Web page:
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Home Agriculture SIR DAVID ATTENBOROUGH: The delicate balance of the Earth is failing

SIR DAVID ATTENBOROUGH: The delicate balance of the Earth is failing


JANUARY 1, 2021

The world’s greatest living explorer is planning his travels again. Once the end of the Covid tunnel is finally in sight, Sir David Attenborough is itching to make up for lost time – and he knows where he’s going first. ‘Europe,’ he says.

‘I don’t know it as well as I might.’ This is a man who went hot-air ballooning in the Swiss Alps when he turned 90 (he’s 94 now), so don’t imagine he’s a stranger to the Continent.

He’s also adamant about where he will not be going. ‘I don’t need to get back to the South Pole, or the North Pole. My dear friend Alastair took me to both. There is nothing there at all in terms of animals.’

Sir David Attenborough (pictured) is itching to resume travels once the end of the Covid tunnel is finally in sight and hopes to start with Europe

The veteran TV producer Alastair Fothergill, who is listening in on our interview via laptop, winces. Their trip to the North Pole, he admits, almost ended in catastrophe when the ice shelf that formed their plane’s runway disintegrated moments after they got into the air.

The fact is, it would be difficult to find anywhere on the planet that Sir David has not visited during 66 years of filming wildlife documentaries, beginning with the first Zoo Quest to Sierra Leone in West Africa in 1954. His latest series, A Perfect Planet on BBC1, starts tomorrow with an episode about the power of volcanoes.

It has footage of iguanas in the Galapagos Islands, risking their lives to clamber into the bowl of the crater of the La Cumbre volcano on Fernandina island. Here they lay their eggs to incubate in the natural heat.

There is loose scree inside, and as the lizards scramble for a foothold they can easily dislodge boulders that bounce down to crush whatever is below – other iguanas, or film cameramen. As one of the creatures loses its footing and starts to tumble, before saving itself at the last moment, it is heart-in-the-mouth viewing.

When I make the mistake of wondering whether this was previously unknown behaviour, Sir David arches a mischievous eyebrow. ‘I have seen that before,’ he remarks, ‘and I’ve been in that volcano.’

What he doesn’t mention is that he and his crew, who visited Fernandina for the Natural World series in 1998, are the only people before now ever to have filmed the iguanas’ death-defying descent. What’s more, they didn’t have the benefit of drones, which have made pin-sharp, close-up aerial photography possible for the first time.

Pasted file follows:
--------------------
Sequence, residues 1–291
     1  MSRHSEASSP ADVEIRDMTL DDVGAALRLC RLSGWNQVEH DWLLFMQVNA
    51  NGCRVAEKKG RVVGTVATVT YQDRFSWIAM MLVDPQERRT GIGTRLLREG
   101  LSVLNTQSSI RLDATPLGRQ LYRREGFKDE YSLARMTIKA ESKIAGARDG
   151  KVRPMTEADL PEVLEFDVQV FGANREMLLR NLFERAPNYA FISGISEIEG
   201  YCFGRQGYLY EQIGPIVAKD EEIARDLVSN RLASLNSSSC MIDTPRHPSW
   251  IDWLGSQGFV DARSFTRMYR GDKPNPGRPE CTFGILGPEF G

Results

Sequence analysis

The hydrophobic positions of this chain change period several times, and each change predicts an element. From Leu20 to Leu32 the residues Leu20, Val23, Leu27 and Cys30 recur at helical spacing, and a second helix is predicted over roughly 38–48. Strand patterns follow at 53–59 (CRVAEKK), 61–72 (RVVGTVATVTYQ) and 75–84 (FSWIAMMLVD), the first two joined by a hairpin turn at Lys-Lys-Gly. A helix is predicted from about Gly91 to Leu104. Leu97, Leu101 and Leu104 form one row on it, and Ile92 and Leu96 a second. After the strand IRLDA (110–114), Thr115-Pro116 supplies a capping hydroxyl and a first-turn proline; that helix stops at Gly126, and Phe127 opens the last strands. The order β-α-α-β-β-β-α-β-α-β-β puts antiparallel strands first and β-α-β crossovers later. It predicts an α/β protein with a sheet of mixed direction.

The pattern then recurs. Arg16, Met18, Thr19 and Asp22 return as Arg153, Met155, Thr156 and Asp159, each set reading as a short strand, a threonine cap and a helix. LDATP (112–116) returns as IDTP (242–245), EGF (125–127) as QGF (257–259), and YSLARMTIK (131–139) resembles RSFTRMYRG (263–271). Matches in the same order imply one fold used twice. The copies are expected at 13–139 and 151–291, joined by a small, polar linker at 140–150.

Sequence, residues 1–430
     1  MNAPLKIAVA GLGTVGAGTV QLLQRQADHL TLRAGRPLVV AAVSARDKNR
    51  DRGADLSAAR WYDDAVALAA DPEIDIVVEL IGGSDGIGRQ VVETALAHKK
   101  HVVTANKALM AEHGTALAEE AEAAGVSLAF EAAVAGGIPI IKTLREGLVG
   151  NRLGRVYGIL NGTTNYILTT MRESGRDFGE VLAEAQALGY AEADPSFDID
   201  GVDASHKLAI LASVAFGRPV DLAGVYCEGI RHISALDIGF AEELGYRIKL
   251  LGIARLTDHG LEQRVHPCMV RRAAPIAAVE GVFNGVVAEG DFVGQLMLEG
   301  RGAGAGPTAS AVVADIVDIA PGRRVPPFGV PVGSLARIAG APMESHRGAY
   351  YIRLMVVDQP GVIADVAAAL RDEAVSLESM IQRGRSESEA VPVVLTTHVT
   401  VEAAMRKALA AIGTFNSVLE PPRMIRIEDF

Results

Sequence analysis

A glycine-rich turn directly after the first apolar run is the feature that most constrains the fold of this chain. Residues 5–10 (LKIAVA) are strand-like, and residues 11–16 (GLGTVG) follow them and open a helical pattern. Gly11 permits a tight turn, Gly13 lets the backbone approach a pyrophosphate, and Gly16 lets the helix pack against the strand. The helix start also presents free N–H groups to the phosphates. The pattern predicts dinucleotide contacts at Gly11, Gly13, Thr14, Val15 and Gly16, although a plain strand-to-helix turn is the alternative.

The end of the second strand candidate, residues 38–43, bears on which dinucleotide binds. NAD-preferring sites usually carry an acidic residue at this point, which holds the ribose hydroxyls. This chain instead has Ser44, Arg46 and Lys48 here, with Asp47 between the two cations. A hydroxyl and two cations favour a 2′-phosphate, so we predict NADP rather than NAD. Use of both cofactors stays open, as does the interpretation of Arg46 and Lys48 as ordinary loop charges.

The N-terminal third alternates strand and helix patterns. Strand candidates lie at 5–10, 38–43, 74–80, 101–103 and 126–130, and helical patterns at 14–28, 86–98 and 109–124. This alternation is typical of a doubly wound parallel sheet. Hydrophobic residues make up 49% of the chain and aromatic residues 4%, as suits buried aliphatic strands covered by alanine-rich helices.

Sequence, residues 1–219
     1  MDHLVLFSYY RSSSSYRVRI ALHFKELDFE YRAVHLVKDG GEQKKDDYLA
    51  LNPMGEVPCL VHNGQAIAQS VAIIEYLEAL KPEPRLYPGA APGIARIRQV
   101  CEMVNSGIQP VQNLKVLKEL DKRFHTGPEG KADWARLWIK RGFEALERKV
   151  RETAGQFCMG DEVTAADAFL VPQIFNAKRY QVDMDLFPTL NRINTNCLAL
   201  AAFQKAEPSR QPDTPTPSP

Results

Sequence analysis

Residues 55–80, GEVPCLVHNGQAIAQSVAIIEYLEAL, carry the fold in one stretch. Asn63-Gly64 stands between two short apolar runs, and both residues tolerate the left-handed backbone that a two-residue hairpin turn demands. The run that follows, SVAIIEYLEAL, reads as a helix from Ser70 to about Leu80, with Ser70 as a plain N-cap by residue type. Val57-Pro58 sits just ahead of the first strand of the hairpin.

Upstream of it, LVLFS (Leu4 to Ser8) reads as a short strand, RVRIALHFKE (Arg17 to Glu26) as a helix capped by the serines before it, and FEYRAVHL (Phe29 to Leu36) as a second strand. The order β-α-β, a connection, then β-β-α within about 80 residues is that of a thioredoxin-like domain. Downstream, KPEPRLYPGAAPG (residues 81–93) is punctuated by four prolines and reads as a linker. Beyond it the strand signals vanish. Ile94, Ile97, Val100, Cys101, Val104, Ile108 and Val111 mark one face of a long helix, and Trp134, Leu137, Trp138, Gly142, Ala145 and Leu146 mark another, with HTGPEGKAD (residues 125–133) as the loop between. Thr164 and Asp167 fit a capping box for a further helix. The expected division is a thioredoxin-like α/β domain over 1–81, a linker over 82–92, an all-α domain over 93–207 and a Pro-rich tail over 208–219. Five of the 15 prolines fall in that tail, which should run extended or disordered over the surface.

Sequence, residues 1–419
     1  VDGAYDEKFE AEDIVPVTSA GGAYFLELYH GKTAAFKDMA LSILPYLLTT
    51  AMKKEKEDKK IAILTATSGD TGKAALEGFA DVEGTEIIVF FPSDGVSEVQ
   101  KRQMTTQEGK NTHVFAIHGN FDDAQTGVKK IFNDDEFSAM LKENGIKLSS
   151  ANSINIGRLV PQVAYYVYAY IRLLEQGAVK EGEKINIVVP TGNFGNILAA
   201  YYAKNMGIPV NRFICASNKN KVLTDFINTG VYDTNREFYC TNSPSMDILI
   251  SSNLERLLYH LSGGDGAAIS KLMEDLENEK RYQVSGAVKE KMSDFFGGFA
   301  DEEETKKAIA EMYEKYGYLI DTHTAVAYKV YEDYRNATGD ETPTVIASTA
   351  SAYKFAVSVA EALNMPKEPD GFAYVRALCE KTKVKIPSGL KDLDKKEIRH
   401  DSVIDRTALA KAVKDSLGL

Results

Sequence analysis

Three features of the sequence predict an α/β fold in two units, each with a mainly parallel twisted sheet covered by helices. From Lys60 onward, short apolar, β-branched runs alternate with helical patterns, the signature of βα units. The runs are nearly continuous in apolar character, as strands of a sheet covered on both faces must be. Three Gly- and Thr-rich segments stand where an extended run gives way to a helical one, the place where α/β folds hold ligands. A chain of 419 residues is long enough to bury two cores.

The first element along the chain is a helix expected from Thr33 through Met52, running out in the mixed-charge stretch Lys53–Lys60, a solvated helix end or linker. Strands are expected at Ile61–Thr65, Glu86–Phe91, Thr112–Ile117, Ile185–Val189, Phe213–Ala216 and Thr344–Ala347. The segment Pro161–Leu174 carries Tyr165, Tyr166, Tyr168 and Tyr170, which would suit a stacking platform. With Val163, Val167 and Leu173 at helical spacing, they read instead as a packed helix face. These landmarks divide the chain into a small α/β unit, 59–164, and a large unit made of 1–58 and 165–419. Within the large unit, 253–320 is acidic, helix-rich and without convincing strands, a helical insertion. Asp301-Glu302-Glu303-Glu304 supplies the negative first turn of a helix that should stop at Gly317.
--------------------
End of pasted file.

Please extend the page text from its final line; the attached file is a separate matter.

Until these rotor-copter cameras were developed, filming from the air meant helicopters or light aircraft. The noise and downdraught often spooked the animals, making it impossible to observe their natural behaviour. Drones have changed the look of documentaries forever.

Hot and cold: Marine iguanas can stay submerged for up to half an hour, scraping algae from the rocks with their beak-like mouths. Though they look savage, they are actually vegan. But they’re tough – the waters where they feed, such as off Fernandina Island in the Galapagos, can be as cold as 11°C. To regenerate their energy they lie in the sun, soaking up warmth with their dark skin. Heat cameras have shown their core temperature rises from half-frozen to hotter than a human 

Natural umbrella: This baby orangutan and parent have learned to shelter under leaves during the monsoon in Tanjung Puting National Park in Indonesia. This has been a game reserve since 1935, and is one of the best places to see wild orangutans

‘I do think about how different earlier series may have looked if we’d had some of the technology we do now,’ says Sir David, ‘But you want to be half a mile ahead of viewers’ expectations, rather than five miles ahead.

‘For its time, Life On Earth [in 1979] featured remarkable stuff simply because it had animals that people had never seen before. It is of its era, and it was pretty good.

One wonders how long we can go on improving the technology at the rate that we’ve been doing in my lifetime. It started with clockwork cameras and black-and-white film. How on earth can we get better than we’ve got now?’

He is a fan of Springwatch, not only for the erudition of presenter Chris Packham (‘he is so absolutely loaded with facts, you feel that when he sits on a chair they’re going to drip out of him’) but also for the innovations in filming the show has pioneered.

Fixed cameras watching nests and dens reveal wildlife at the animals’ own pace, while footage captured by viewers on mobile phones might lack technical sophistication but often reveals wild behaviour that has never been filmed.

Teamwork: One of the hardest phenomena to film – it often only lasts ten minutes – is the ‘baitball’, where super-pods of dolphins corral giant shoals of fish into tight balls to gobble them up. Oceanic blacktip sharks, sealions and whales join in, while gannets and shearwaters dive in from above

Got the hump: Wild Bactrian camels like this mother and calf can scent water 30 miles away. The crew in the Gobi desert were likely the only humans in an area the size of the Netherlands, and the shy camels will run when they’re still three miles away – so this shot is impressive

In the end, though, Sir David feels that technology is merely a tool. ‘It is not the individual shots, it is the story. And if you are a good enough storyteller, you can get away with everything else. Narrative structure is the most important element, and being good at it without distorting facts.’

The facts of climate change are what he is most determined to address in this new five-part series. Each episode looks at an elemental force: volcanoes, the sun, weather patterns, ocean currents, and human activity.